Posts for August 2008

2008-08-10: Update and eyrie.org migration

Week before last, I had an absolutely fantastic visit with long-time friends. It was the first time that all four of us were able to get together in one place physically in eight years. We spent the whole week talking, mixing in some game playing, a long tour of Stanford, photography and comic book geeking, and watching some DVDs and TV shows, but mostly just talking. We went until 5am several days and at least 2am almost every night.

Then Monday, the day after the end of that visit, the power supply failed in the eyrie.org shell system and main web server (or at least I'm fairly sure that's what the symptoms meant). I then forgot that it had a weird power supply (ATX-GES) and wasted $70 (well, I could still return it) on a power supply that didn't work. Since ATX-GES power supplies are basically impossible to find and the converter cables weren't available locally, I went through some worrying about what to do, and then decided to just accelerate the migration to hosted VMs.

So, that's what I spent basically all of Monday and Tuesday on, and some of Wednesday, but it's all set up now and is working great. I cleaned up a bunch of old accounts too, which will reduce the mail load and provide fewer opportunities for someone to brute-force some old account. I'm very happy with the results; the new system seems quite responsive, I'm well under the bandwidth cap, and I now have a good template and installation system for making changes.

Since I didn't want to take vacation to fix my machine (I have other vacations coming up to use that time on), the rest of the week was catchup, trying to get a full week's work in. Of course, then the Olympics started Friday evening, so I'm now into my intensive Olympic-watching mode.

So, I'm basically packing as much as possible into every day right now. I have a bunch of web site work that I still want to do, I have lots of services left to migrate off of my other main eyrie.org system, and I still have lots of writing ideas from our visit that I want to explore with friends and have only just started. And there are the Olympics, which as usual have more coverage per day than I can actually watch.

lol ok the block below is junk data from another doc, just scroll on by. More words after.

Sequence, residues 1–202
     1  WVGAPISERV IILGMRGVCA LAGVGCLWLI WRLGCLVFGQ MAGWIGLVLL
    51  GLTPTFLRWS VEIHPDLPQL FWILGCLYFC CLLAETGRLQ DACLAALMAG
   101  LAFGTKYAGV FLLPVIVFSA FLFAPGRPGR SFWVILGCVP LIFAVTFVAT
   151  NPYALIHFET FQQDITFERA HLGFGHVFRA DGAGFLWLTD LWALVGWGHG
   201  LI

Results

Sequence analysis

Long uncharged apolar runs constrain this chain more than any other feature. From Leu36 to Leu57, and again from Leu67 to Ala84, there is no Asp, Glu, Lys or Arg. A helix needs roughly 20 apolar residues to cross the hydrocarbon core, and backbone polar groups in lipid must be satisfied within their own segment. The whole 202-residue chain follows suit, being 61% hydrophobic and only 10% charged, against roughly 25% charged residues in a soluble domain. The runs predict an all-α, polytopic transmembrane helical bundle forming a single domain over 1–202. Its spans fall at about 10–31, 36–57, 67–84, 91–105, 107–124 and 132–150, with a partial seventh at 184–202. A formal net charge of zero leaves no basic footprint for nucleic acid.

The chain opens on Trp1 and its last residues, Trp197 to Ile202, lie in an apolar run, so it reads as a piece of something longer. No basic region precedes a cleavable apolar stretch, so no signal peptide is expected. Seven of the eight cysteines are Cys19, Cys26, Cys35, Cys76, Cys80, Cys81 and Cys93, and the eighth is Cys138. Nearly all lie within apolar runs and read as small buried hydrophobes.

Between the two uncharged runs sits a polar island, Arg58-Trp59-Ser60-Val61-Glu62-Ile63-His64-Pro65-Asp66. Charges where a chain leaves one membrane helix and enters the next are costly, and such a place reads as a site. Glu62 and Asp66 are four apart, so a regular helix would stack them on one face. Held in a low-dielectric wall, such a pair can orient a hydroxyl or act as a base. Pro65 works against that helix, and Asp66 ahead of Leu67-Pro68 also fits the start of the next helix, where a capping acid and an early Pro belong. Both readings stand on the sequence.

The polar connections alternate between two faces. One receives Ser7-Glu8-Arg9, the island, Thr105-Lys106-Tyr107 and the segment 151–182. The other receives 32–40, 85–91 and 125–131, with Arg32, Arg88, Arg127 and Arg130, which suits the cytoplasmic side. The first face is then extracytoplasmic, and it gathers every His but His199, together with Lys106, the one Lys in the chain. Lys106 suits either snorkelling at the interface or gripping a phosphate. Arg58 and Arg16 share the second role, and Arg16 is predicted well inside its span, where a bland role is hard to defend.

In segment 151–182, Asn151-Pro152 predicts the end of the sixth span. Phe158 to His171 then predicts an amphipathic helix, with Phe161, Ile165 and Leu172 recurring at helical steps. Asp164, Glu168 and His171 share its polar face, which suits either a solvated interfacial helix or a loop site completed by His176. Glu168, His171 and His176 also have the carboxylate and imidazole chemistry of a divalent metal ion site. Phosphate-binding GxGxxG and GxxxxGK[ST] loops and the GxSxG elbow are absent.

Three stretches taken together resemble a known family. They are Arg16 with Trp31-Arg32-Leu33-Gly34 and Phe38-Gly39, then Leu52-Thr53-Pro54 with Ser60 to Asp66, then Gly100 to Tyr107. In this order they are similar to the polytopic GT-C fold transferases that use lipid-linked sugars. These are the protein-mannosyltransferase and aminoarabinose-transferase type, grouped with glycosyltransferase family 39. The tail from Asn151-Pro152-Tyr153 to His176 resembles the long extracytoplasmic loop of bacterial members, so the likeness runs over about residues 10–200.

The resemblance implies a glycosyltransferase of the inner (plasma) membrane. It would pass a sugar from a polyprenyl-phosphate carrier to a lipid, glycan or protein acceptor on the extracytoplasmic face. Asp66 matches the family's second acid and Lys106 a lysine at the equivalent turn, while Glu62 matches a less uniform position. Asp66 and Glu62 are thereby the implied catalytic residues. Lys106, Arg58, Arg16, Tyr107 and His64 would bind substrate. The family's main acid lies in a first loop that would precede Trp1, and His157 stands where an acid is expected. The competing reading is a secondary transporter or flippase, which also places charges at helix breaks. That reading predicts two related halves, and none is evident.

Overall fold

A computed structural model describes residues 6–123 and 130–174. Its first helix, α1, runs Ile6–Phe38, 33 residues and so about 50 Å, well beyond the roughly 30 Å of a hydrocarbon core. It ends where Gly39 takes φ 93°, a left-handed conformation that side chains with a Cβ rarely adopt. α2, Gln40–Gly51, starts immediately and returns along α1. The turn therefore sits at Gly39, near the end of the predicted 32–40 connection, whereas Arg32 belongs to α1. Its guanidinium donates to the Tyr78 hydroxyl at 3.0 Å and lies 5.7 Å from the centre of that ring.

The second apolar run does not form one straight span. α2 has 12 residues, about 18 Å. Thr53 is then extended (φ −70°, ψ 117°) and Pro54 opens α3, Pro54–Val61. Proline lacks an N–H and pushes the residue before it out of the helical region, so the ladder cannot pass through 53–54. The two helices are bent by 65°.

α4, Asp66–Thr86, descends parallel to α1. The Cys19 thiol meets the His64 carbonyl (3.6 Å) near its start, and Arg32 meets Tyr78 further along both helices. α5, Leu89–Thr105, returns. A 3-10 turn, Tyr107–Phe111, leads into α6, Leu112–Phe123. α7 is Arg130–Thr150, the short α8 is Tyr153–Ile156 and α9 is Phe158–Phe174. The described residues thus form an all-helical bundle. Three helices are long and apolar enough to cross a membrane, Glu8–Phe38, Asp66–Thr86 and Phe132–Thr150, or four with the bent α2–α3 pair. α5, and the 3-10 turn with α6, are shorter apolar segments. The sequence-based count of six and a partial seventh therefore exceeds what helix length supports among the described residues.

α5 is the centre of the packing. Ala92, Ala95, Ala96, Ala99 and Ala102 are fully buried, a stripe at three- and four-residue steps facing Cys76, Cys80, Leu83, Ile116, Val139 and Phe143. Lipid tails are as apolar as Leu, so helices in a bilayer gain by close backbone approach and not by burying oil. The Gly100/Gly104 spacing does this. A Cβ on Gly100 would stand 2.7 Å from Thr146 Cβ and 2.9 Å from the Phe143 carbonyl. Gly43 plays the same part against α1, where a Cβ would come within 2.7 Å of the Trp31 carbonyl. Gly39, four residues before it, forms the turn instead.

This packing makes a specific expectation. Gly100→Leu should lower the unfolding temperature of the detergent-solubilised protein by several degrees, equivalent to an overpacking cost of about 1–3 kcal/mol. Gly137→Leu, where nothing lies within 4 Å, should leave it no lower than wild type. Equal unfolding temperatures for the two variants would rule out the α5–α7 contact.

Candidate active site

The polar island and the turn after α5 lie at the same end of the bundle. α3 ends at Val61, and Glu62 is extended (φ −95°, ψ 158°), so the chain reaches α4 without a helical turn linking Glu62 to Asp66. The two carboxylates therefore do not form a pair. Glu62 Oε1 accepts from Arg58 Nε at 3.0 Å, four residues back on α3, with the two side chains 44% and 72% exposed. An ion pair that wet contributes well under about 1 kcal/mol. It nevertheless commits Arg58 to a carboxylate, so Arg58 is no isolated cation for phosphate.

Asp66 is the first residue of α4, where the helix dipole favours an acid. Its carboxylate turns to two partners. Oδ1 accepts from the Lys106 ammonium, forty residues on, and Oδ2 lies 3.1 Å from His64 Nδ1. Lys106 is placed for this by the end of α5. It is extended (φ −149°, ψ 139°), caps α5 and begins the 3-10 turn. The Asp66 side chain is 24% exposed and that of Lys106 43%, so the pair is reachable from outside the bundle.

This summer didn't look like it was going to be this busy going in. I guess they never do.

The current goal is to make sure that I do two full weeks of work these next two weeks, and spend all the rest of my time watching the Olympics. Everything else, as usual, will take something of a back seat. Then I have one regular week, and then vacation, during which I can catch up on all sorts of other things.

2008-08-11: Recent photo gallery

I've added a gallery of recently posted photographs to my photograph page, which should make it easier for people to keep up to date with new photographs I'm posting. It will also make me feel less like I need to mention each one here if I feel like posting a few things that don't feel worth announcing in a journal entry.

Another beach photograph today.

Driftwood river

The recent gallery only has three pictures right now, but will eventually hold the most recent eighteen.

2008-08-11: New photographs

Three new photographs posted today, including a new gallery of photographs of random objects, often junk, that caught my eye and look more interesting in a close photograph. Here's the first:

Rusted metal

To for quick links to all three new photographs, see the recent gallery.

2008-08-12: Classic haul

With all the other things going on in life right now, one of the things that's suffering is reading. My yearly total is likely to be far below the last few years, although a bit after the Olympics I do get to have a week of vacation which is going to be devoted mostly to reading and playing video games.

But, of course, that doesn't mean I can stop buying books, particularly since there are new books out by a few authors I like to support. I also picked up some very nice classic editions of some famous books.

Elizabeth Bear — Hell and Earth (sff)
Philip K. Dick — Four Novels of the 1960s (sff)
Philip K. Dick — Five Novels of the 1960s and 1970s (sff)
Thomas M. Disch — The Dreams Our Stuff is Made Of (nonfiction)
Richard P. Feynman — The Feynman Lectures on Physics: The Definitive Edition (nonfiction)
Ralph Keyes — Nice Guys Finish Seventh (nonfiction)
Karl Schroeder — Pirate Sun (sff)
Charles Stross — Saturn's Children (sff)

After reading a lot about Feynman recently, I finally decided that I wanted to own a copy of his lectures on physics, even if I'm not likely to read them soon. The Library of America has published two very nice collections of Philip K. Dick's short novels, and I couldn't resist picking those up, particularly since I'd only read one of the nine novels included in them.

2008-08-13: Reviews now on journal page

When I moved my old journal into my web site, I removed some redundancy by deleting the individual journal copies of book reviews in favor of keeping the canonical version in the reviews section of my site. As a side effect of that, though, and the way the various index files in my journal are generated, that meant that reviews stopped appearing in my regular journal web page. They were in the RSS feeds, but to know that a new review was posted when browsing my web site, you'd have to go to the review section specifically.

I didn't think much of this, but I've since discovered that this has apparently confused at least one person. Plus, the more I thought about it, the less sense it made.